Key informants reported that they have collected non-timber forest products like honey, medicinal plants and coffee from the natural forest. However, they have only the right to sell pole of felled trees to Bale Forest and Wildlife Enterprise and utilize for household consumption. As a result, dwellers mainly managed forest coffee areas to increase productivity of coffee plants through slashing of bushes and herbs, thinning of trees through cutting/debarking of stems and cultivation of the land. They also confirmed that lians, herbs, shrubs and trees were cleared from forest coffee areas to reduce the competition of these vegetation with wild coffee plants and to ease management and harvesting of coffee. Similarly, Gole and Senbeta (2008) reported that during opening up phase; small trees, shrubs, and herbaceous vegetation competing with coffee are totally cleared without preferential even for endemic or threatened species. KIs also declared that they slash herbs, tree/shrub seedlings to reduce their competition with understory coffee before the commencement of rainy season and coffee harvesting operation. Moreover, KIs indicated that the productivity of coffee increases as the density of shade trees decrease. This result agrees with Beer et al. (1998), and Faminow and Rodriguez (2001) who revealed that un-shaded systems could produce greater coffee yields. Key informants also reported that they practiced thinning of large trees to allow exposure of coffee plants to solar radiation. However, the canopies of the remaining trees expand, and gradually close up after some years to the level that can highly reduce coffee production. Reduction of shade through killing shade trees is common practice in the forest coffee areas even if it is not allowed legally. Key informants clearly depicted that they gradually cleared other woody plant species and retain only those tree species that they believe to increase coffee productivity. Cordia africana, Croton macrostachyus, Millettia ferruginea, Ekebergia capensis, Podocarpus falcatus, Pouteria adolfi-friederici, Diospyros abyssinica, Olea capensis, and Olea welwitschii are trees species preferred by farmers for coffee shade (Gole & Senbeta, 2008).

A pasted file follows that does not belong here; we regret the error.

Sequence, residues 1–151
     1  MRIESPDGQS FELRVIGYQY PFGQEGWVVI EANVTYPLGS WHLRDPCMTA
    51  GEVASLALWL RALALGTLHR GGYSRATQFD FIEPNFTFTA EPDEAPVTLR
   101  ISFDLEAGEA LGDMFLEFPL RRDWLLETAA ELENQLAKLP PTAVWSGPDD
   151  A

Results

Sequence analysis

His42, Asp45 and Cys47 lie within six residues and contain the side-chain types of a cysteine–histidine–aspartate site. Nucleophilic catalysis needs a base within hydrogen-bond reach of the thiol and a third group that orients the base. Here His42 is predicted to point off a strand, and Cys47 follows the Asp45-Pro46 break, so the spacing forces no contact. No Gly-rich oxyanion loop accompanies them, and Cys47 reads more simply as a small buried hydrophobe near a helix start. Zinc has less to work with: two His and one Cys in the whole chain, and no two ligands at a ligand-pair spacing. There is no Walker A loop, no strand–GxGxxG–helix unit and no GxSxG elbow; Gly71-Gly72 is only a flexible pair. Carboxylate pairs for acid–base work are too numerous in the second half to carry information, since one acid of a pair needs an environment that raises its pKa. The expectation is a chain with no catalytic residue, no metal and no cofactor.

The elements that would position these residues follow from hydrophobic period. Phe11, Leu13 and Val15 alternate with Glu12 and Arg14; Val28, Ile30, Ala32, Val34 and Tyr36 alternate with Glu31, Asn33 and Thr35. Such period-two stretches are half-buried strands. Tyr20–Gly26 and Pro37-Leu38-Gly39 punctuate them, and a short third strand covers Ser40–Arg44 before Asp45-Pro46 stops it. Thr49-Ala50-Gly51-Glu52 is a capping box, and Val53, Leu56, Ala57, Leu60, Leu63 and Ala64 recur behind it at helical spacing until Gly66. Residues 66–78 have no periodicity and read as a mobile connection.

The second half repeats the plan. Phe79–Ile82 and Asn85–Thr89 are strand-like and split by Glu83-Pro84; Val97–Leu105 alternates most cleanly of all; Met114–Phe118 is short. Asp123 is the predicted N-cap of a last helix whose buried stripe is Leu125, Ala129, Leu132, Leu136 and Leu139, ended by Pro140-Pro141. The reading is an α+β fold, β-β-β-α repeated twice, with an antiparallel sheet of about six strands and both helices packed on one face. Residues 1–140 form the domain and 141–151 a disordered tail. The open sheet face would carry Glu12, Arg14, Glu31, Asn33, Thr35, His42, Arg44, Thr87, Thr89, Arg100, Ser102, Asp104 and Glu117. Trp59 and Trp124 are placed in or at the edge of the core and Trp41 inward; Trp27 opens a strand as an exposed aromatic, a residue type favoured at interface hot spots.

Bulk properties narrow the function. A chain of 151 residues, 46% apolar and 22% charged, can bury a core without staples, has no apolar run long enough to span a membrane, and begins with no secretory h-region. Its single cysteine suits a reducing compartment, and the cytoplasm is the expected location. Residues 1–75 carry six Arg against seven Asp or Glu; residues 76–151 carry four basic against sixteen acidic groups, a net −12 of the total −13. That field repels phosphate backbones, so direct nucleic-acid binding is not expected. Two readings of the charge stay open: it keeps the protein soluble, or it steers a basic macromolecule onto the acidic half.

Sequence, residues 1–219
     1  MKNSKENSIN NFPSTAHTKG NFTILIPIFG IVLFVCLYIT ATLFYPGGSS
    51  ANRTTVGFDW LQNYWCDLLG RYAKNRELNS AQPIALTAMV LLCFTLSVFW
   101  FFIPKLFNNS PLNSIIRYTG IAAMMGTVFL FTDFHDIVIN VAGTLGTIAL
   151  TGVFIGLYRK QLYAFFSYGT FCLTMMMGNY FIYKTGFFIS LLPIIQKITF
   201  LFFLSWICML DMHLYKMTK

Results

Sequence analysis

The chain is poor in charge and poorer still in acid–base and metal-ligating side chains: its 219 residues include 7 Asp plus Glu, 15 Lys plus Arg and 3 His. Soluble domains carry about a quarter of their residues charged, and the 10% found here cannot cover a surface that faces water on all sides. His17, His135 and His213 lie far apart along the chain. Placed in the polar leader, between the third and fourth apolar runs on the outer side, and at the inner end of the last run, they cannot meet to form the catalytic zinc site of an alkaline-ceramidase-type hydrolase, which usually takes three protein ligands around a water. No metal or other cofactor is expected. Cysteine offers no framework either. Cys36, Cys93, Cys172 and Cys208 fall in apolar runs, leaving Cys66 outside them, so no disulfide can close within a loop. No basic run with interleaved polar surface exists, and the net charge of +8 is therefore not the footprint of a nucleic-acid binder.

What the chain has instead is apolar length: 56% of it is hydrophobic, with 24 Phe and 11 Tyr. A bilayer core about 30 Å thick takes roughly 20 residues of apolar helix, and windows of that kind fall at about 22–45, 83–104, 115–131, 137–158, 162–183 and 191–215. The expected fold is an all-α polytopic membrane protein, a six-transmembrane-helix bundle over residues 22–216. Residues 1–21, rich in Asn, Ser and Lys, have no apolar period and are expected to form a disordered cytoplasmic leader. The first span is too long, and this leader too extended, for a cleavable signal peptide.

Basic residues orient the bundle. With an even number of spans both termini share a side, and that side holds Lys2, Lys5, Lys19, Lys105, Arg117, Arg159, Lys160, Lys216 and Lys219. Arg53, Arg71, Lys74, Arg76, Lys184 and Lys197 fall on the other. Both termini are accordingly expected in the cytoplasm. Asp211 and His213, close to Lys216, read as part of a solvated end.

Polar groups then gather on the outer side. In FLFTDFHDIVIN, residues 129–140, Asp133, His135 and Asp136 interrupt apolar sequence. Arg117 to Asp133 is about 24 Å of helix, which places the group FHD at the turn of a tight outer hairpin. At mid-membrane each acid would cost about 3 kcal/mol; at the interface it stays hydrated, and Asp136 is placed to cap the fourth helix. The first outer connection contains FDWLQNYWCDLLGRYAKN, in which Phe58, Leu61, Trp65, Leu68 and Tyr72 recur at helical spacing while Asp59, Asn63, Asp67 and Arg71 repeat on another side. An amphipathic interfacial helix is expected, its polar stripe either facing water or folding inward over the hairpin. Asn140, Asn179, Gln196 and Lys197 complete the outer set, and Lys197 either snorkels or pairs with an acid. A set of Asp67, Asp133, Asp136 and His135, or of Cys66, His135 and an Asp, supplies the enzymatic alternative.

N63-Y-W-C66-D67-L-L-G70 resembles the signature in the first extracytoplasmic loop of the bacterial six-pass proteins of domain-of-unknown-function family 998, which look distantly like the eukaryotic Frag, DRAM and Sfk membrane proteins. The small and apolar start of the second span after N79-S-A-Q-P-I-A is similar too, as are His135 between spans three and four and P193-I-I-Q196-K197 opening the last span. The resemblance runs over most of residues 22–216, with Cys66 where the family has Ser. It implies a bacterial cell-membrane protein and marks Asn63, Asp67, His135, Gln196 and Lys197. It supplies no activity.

It was observed that larger trees were killed furtively as cutting trees is prohibited in forest coffee areas. Key informants declared that most of forest dwellers have killed large trees through debarking of their stem and cutting of their main roots below or at ground level. A key informant amazingly expressed how secretly he killed large trees as “I dug an elbow pit around a large tree, cut its main roots, removed barks of the stem, returned back the soil into the pit and cover it with partially decomposed organic matter. How one can identify what I did? Thus, the trees seam naturally dead or felled.”. Similarly, Mengist et al. (2013) revealed that cutting tree and tree ringing were practiced in forest coffee of Belete Gera Forest. Hoeing/cultivation is an emerging practice in the forest coffee system to facilitate good rooting condition for coffee plants and to avoid competing understory vegetation. Key informants declared that hoeing was first practiced by illegal settlers in the forest and gradually adopted by others. Key informants also indicated that coffee management activities like hoeing and slashing have negative effects on diversity of woody and non-woody plant species.